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A few days ago, Bruce Pardy, Professor of Law at Queen’s University, published an op-ed in the National Post comparing students who “claim mental and cognitive impairments” to elite athletes. The gist of his argument is that if elite athletes with injuries are not entitled to accommodations in Olympic competitions, why are students with mental disabilities entitled to extra time for assignments or exams? In his own words, “extra time for mental disabilities is as unfair to other students as a head start would be to other runners.”
While the article is rife with misinterpretations of students with disabilities and calls to perpetuate ableism within the academic setting, a few points are worth picking apart in particular. Having witnessed friends undergoing the stigmatizing process of asking for accommodations, I can assure Professor Pardy that he is grossly misinformed if he believes students need not even “disclose the nature of the condition they claim to suffer.”
Receiving accommodations is far from easy and requires the student to face a significant amount of unnecessary stigma from peers and instructors like Professor Pardy.
A former classmate once described the process of asking for accommodations as a harrowing and humiliating experience. Even though the professor begrudgingly accepted the request, he failed to inform all teaching assistants administering the exam. As a result, when the time came to submit the exam and a fellow TA demanded her test, another TA ended up shouting from across the auditorium: “it’s alright- she gets extra time!”
The very process of asking for accommodations is stigmatizing and invites unwanted attention when handled inappropriately.
Fortunately, the concept of universal design side-steps this entire issue to begin with. Rather than having special requirements for a minority of the population to access resources that have been unjustly denied to them, our focus should be on creating a built environment that can be “accessed, understood and used to the greatest extent possible by all people regardless of their age, size, ability or disability.”
Curb cuts on sidewalks are a great example- they ensure accessibility for people with disabilities, but they also benefit parents pushing strollers.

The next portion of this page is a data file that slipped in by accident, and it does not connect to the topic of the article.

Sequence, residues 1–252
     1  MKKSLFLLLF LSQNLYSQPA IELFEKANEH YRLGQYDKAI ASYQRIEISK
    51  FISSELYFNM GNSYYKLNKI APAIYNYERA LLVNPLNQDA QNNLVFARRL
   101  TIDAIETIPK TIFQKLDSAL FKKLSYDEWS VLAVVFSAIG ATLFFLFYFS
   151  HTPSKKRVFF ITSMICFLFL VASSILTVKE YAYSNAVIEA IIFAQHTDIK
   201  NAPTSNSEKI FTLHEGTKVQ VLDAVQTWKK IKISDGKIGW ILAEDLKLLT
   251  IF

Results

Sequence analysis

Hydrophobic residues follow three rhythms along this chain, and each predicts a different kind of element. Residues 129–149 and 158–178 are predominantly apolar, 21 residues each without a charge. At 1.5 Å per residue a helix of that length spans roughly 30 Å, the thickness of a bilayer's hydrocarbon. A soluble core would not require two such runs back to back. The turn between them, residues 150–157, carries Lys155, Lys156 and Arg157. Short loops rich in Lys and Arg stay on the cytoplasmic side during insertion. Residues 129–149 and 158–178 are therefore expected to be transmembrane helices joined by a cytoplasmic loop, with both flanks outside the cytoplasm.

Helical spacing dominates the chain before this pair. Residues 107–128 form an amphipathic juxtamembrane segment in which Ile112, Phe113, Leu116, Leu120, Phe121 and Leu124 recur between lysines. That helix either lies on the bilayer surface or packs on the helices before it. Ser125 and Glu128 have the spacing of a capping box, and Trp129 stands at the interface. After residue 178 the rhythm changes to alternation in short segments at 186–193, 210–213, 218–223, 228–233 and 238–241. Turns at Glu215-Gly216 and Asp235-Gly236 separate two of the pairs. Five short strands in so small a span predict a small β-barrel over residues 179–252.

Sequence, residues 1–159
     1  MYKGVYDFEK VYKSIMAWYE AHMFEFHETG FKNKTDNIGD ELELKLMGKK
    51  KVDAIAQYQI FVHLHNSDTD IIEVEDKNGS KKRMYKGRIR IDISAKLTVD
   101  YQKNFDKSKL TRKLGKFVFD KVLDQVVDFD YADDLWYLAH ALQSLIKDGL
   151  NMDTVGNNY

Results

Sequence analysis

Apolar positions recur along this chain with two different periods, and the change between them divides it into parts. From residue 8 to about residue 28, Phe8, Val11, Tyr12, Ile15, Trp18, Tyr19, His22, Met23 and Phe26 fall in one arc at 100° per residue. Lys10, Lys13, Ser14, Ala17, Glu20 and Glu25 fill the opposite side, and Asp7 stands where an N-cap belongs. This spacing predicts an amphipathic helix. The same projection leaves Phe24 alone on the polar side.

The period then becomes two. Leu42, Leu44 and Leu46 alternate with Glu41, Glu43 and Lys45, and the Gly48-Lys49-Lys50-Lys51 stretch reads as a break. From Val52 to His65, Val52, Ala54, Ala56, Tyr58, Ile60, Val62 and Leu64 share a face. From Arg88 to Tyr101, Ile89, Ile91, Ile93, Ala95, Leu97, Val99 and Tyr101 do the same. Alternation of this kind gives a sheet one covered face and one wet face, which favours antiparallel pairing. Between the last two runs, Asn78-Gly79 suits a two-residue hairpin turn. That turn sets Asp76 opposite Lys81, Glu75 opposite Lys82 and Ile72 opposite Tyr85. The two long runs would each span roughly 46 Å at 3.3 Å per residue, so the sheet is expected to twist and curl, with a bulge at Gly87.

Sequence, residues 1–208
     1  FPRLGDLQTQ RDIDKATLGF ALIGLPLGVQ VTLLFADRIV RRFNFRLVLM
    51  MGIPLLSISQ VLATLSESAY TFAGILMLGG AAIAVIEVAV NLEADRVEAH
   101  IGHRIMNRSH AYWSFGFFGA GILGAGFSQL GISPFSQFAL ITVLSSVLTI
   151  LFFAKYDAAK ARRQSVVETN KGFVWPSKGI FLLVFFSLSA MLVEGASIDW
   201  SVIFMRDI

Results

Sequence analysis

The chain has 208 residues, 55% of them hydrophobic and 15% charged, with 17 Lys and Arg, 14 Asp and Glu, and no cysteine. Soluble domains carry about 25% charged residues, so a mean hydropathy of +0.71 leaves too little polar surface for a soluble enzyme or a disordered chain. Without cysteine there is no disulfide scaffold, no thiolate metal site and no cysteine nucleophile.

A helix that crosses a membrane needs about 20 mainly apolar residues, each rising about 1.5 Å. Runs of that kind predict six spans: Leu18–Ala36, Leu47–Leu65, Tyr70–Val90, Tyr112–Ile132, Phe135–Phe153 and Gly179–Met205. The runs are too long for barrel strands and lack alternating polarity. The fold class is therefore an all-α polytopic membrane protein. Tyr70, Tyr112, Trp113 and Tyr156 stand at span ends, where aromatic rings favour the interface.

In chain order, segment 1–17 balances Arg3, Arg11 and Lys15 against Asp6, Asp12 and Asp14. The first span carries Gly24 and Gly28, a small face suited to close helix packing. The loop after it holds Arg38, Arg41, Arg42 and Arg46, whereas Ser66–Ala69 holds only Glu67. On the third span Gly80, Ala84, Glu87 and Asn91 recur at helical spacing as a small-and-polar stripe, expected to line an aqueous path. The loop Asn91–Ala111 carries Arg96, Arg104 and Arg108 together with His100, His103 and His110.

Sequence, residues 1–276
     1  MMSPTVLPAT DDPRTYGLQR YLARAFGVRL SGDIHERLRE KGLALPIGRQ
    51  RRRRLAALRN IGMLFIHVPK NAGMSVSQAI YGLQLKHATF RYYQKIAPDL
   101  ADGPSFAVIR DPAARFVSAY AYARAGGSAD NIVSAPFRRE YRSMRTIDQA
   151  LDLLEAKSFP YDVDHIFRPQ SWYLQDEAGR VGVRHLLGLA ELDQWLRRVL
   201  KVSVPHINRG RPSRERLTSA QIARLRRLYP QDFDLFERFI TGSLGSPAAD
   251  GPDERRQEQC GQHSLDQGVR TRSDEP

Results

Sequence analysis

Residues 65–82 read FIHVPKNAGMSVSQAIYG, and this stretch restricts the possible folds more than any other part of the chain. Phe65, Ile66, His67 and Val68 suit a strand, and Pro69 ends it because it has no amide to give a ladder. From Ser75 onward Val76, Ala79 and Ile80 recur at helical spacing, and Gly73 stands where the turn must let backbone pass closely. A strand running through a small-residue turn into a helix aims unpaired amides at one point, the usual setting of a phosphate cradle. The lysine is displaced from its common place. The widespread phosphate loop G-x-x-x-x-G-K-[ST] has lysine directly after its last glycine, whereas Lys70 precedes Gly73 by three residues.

Within the academic setting, Bristol Community College offers a great case in point: their assessments are designed to allow students to utilize their primary learning styles/strengths (identified earlier in the course). Such an approach not only accommodates people with different learning styles and abilities, but also fosters creativity and diversity for students and professors alike.
Universal design offers a way for professors who are uncomfortable with offering accommodations to design inherently accessible courses and assessments. This approach offers no “undue hardships for other students in the class,” although I question the authenticity of such a concern when the author of the National Post article also believes that “discrimination is
one of the purposes of the exam.”
This kind of rhetoric, from an esteemed Professor no less, epitomizes the extent of ableism within academia. Students are made to feel inferior and inadequate before they have even begun to identify their intellectual interests. The request for accommodation does not harm other peers in any shape or form, and we must stop looking at the test taking process as a zero-sum game.
The reduction of students with disabilities to a caricature of unprepared, entitled students who simply demand more time without good reason is harmful and fails to appreciate the extent of ableism in academia towards people with visible and invisible disabilities.
If we really want to move beyond accommodations, we must pay careful attention to how exams and courses are designed in the first place- universal design has the potential to simultaneously allay the concerns of Professor Pardy and chip away at the rampant ableism within academia.
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